The Catholic cure for fear of the mentally challenged

Ten years ago, my neighbor was wandering around in a daze in the middle of the day. When I asked what was wrong, she said she had just been released from observation at the Arizona State Hospital — the state’s official psychiatric institution.

Chris Benguhe is a columnist for The Catholic Sun. Opinions expressed are the writers' and not necessarily the views of The Catholic Sun or the Diocese of Phoenix.
Chris Benguhe is a columnist for The Catholic Sun. Opinions expressed are the writers’ and not necessarily the views of The Catholic Sun or the Diocese of Phoenix.

I was shocked for a moment and didn’t know how to react. For all the thousands of people I have interviewed, from the famous to the felonious, an encounter with those suffering mental challenges was and still is a challenge for me.

Thankfully, God inspired me to swallow my fear and confusion and engage her, asking simply, “How are you?”

Of course the answer wasn’t good, and she unloaded everything happening in her life. The issues were complicated as they usually are with all human beings. From substance abuse to family troubles to financial woes, much had conspired to essentially break her spirit. And her mind eventually just said enough was enough.

Now even though I write and speak on how to overcome tough times, I am certainly not qualified to give actual mental health advice. And for a moment, I thought this was the perfect “out.” But I stopped short of stepping out of the picture because I felt incredibly compelled by the fact that she was my neighbor, by the fact that I constantly preach the importance of helping those who come our way and finally by some inculcated Catholic compulsion to help.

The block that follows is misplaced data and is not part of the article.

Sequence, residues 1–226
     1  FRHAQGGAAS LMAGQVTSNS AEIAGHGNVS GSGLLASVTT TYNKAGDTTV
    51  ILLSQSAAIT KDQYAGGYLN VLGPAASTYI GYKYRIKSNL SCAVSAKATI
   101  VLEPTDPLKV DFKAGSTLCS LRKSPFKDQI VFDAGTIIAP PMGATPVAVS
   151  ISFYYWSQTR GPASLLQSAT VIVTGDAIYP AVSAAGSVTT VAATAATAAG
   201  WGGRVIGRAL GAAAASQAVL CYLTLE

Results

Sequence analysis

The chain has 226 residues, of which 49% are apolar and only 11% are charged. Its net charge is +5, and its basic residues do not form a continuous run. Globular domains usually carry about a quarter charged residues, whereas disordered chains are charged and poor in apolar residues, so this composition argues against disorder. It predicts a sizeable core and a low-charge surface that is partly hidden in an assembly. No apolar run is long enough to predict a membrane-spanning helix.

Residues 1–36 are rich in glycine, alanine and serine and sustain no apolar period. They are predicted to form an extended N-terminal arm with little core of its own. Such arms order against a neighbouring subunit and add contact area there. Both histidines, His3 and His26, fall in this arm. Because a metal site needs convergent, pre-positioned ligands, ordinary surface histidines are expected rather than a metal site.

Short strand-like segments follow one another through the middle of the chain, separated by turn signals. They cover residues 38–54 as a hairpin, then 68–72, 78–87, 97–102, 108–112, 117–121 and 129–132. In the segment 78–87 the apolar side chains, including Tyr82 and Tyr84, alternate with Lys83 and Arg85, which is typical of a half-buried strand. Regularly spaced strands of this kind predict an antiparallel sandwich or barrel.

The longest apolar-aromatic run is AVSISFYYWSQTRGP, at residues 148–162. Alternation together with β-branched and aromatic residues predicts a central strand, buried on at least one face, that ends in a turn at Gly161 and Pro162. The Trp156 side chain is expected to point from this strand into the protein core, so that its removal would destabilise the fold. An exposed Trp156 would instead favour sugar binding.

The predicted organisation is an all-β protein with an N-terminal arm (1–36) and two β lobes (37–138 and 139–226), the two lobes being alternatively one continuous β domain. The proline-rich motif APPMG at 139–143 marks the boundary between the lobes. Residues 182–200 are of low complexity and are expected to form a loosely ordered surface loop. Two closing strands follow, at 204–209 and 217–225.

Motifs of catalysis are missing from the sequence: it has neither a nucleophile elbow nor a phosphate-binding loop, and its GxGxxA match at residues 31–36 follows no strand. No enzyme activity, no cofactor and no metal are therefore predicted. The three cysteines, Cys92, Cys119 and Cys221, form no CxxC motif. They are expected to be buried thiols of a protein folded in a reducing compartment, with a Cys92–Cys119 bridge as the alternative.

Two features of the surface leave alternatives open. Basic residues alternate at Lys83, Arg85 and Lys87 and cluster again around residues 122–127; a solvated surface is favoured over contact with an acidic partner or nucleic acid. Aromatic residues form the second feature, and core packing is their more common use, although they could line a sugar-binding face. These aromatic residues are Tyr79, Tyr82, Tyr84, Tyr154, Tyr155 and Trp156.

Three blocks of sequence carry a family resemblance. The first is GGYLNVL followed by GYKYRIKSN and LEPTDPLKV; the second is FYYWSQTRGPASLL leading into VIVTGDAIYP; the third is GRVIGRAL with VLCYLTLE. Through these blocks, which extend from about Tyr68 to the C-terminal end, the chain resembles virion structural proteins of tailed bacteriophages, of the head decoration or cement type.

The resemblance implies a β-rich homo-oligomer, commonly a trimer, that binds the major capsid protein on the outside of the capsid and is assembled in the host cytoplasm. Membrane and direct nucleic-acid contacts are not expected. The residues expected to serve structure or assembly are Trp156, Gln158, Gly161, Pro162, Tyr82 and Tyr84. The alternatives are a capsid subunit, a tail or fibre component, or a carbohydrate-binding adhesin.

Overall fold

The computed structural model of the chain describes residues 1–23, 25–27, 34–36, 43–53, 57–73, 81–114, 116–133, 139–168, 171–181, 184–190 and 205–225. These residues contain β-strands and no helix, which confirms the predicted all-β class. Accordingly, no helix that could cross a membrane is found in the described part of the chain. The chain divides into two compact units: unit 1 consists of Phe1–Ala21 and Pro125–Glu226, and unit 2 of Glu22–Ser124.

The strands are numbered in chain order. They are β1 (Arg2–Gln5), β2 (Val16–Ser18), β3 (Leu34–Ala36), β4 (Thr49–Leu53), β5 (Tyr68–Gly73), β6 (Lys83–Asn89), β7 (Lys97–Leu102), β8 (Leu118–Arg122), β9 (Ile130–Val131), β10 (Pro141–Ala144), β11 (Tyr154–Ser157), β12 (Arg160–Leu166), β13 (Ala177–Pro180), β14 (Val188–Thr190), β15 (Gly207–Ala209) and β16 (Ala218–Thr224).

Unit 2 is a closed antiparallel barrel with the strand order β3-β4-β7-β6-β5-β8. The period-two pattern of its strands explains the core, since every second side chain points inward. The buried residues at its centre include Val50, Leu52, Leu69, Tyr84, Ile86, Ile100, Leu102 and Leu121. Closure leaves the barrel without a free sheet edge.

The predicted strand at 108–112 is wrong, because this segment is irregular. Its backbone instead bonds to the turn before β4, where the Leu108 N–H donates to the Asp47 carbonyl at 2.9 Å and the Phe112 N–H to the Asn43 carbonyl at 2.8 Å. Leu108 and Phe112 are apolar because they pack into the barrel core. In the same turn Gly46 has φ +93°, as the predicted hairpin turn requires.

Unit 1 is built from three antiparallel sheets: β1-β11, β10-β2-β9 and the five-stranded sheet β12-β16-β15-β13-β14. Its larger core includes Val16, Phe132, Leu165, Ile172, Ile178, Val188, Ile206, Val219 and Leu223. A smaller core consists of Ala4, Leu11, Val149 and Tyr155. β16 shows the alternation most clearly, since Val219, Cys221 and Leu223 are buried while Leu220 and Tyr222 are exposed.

So I reached out in the way I knew how — be simply being human — and letting her know I considered her and her problem to be human too. I swallowed my fears, my discomfort and tried to identify with her through times in my own life when I felt like the walls were closing in, like the there was no light in the darkness, and about the light that I had found — namely my faith, my family and my friends.

Then I told her that I truly would help in whatever way I could. For me that involved emailing her some helpful info on support groups, getting her in touch with a local church and telling her she could feel free to talk anytime.

Ten years later I am happy to report that she is not only out of the woods, but she has a wonderful and fulfilling life, part of which is a deep spiritual connection to God and church, which she says was in no small part because I, as a representative of Christianity, was so loving and caring.

Lessons learned

The lesson for me was twofold. That as a Catholic, every time I do or don’t reach out and help I am not only representing myself, but my faith and my God.

Secondly, the most important thing we can do to help those with mental challenges is to allow them to feel welcome and that they are part of the community, so as to not isolate and estrange them even further.

That’s an extraordinarily important issue now more than ever in America as we have faced a significant number of bizarre and violent acts by young people in recent years. Yet somehow the issue of mental health barely gets mentioned.

The reason is probably the same as why I was tempted not to say anything to my neighbor. We don’t know what to say, what to do, or if we are qualified to help. We are fearful and uncomfortable.

With more than 23,000 people suffering from mental health problems in Maricopa County, and Arizona being in the top 10 for suicide rates, at some point we need to stop trying to avoid or ignore mental health issues. We must embrace and love those who face them in the way Christ most certainly would.

I can’t think of a better space to talk about that than in a Catholic newspaper, or a better support group to reach out to than the Catholic community. Thanks for listening.